Public Health
Well: What We Need to Talk About When We Talk About Health
Well
What We Need to Talk About When We Talk About Health
1st Edition    Hardcover      ISBN: 0190916834
"A deeply affecting work from one of the important and innovative voices in American health and medicine." -- Arianna Huffington In Well, physician Sandro Galea examines what Americans miss when they fixate on healthcare: health. Americans spend more money on health than people anywhere else in the world. And what do they get for it? Statistically, not much. Americans today live shorter, less healthy lives than citizens of other rich countries, and these trends show no signs of letting up. The problem, Sandro Galea argues, is that Americans focus on the wrong things when they think about health. Our national understanding of what constitutes "being well" is centered on medicine -- the lifestyles we adopt to stay healthy, and the insurance plans and prescriptions we fall back on when we're not. While all these things are important, they've not proven to be the difference between healthy and unhealthy on the large scale. Well is a radical examination of the subtle and not-so-subtle factors that determine who gets to be healthy in America. Galea shows how the country's failing health is a product of American history and character -- and how refocusing on our national health can usher enlightenment across American life and politics.
When Germs Travel: Six Major Epidemics That Have Invaded America And the Fears They Have Unleashed
When Germs Travel
Six Major Epidemics That Have Invaded America And the Fears They Have Unleashed
Paperback      ISBN: 0375726020
A physician and medical historian provides a definitive analysis of six major epidemics that have devastated America since 1900--including such threats as tuberculosis, typhus, and AIDS--looking at the nation's response to the pathogens; explaining why globalization, social upheaval, and international trade leave us vulnerable; and calling for a globally funded public health program. Reprint. 12,500 first printing.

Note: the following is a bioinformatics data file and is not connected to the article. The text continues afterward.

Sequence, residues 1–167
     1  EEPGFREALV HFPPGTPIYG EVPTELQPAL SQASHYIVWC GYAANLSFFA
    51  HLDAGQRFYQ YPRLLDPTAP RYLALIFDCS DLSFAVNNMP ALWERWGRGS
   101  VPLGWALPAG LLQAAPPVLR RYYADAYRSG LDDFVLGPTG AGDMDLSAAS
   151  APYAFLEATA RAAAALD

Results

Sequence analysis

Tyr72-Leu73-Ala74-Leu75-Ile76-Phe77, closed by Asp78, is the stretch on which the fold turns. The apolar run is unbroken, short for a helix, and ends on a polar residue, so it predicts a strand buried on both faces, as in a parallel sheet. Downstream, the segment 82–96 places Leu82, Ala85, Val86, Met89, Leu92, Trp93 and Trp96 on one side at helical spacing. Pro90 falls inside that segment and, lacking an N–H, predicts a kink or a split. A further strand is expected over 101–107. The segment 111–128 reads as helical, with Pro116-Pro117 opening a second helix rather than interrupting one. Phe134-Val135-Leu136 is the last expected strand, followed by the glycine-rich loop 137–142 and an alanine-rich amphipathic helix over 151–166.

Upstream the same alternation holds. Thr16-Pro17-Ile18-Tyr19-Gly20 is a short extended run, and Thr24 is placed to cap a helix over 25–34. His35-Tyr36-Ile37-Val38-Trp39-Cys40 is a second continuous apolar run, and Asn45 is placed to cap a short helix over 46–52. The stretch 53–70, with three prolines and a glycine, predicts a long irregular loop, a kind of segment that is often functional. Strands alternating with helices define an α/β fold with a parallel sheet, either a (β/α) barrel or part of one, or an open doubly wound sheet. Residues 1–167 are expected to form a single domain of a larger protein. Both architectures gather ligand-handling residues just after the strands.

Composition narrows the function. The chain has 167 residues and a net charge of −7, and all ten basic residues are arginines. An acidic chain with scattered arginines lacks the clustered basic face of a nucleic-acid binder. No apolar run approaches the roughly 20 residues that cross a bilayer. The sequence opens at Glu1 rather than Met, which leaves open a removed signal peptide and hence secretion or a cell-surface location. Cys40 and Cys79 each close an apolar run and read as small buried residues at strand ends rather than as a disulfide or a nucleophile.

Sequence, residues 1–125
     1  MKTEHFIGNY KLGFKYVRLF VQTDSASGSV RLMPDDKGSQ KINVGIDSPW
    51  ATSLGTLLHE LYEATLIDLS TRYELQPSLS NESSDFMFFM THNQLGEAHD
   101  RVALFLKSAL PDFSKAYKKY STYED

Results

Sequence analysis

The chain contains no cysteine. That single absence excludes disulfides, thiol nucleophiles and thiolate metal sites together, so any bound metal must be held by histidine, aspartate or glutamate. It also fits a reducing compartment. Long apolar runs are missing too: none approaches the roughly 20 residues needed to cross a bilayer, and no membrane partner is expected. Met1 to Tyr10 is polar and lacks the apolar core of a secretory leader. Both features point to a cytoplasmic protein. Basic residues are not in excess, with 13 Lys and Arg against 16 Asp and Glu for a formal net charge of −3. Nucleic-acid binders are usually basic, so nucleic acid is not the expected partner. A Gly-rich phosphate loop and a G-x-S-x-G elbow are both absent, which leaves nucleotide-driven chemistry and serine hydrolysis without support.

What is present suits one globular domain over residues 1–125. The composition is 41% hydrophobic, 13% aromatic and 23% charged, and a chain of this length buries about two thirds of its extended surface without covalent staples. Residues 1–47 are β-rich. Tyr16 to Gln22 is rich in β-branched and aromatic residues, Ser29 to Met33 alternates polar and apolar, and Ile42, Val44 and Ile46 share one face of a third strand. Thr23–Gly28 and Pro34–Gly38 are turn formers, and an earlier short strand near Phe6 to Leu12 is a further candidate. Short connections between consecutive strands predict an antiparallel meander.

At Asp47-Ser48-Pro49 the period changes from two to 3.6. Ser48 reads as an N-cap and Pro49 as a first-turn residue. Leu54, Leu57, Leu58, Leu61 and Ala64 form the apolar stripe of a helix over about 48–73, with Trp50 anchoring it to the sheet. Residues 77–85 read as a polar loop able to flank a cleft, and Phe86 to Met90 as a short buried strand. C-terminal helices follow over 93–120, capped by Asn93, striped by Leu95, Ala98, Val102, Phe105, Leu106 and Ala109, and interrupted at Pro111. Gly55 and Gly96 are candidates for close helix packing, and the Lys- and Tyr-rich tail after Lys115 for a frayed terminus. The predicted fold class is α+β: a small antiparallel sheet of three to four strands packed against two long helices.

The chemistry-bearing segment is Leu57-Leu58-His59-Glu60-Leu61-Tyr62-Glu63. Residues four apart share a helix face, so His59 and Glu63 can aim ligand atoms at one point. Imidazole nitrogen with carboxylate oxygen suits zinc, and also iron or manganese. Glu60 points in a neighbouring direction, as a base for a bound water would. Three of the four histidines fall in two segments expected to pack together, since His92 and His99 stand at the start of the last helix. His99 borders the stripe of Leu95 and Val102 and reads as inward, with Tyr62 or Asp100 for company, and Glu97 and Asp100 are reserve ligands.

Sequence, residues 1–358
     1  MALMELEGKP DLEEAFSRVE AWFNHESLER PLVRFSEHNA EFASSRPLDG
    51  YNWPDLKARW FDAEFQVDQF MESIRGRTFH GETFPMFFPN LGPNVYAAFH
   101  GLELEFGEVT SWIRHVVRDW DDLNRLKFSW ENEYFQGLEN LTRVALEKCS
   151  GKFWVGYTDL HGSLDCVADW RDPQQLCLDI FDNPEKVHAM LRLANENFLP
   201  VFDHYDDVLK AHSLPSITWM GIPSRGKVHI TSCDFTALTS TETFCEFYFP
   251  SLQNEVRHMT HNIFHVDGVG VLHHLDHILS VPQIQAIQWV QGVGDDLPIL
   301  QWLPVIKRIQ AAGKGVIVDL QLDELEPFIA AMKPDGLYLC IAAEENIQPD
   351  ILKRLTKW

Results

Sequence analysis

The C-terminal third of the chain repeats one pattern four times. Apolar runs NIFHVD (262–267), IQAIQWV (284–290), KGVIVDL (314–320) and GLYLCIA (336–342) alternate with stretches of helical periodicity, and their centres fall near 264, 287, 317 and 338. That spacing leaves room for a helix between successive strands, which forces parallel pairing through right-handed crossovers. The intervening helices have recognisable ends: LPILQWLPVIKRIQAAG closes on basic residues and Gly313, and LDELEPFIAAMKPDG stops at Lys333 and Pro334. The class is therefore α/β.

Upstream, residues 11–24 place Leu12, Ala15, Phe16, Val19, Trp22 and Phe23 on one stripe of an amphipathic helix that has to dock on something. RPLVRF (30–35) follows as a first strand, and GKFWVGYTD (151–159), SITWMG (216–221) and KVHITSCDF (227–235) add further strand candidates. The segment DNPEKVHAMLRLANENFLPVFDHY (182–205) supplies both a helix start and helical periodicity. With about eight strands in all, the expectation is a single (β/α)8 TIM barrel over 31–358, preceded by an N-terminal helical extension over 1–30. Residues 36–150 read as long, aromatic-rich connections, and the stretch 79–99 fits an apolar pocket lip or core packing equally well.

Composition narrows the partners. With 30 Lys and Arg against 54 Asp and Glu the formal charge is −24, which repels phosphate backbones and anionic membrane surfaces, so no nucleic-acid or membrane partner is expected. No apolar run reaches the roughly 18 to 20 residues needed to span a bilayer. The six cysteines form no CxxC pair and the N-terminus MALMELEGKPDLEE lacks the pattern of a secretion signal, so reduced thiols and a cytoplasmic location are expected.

The White Plague: Tuberculosis, Man, and Society
The White Plague
Tuberculosis, Man, and Society
Paperback      ISBN: 0813512247
DuBos et al examine the social aspects of the TB epidemic, along with some of the biological factors. They show how TB was romaticized, how it was portrayed as a demon coming to rob the healthy of life, and how it sparked scientific invention - in particular the stethescope. The introduction is wonderful as it lays out the basic parts of the book.
Worried Sick: A Prescription for Health in an Overtreated America
Worried Sick
A Prescription for Health in an Overtreated America
1st Edition    Paperback      ISBN: 0807872334
Nortin Hadler's clearly reasoned argument surmounts the cacophony of the health care debate. Hadler urges everyone to ask health care providers how likely it is that proposed treatments will afford meaningful benefits and he teaches how to actively listen to the answer. Each chapter of Worried Sick is an object lesson on the uses and abuses of common offerings, from screening tests to medical and surgical interventions. By learning to distinguish good medical advice from persuasive medical marketing, consumers can make better decisions about their personal health care and use that wisdom to inform their perspectives on health-policy issues.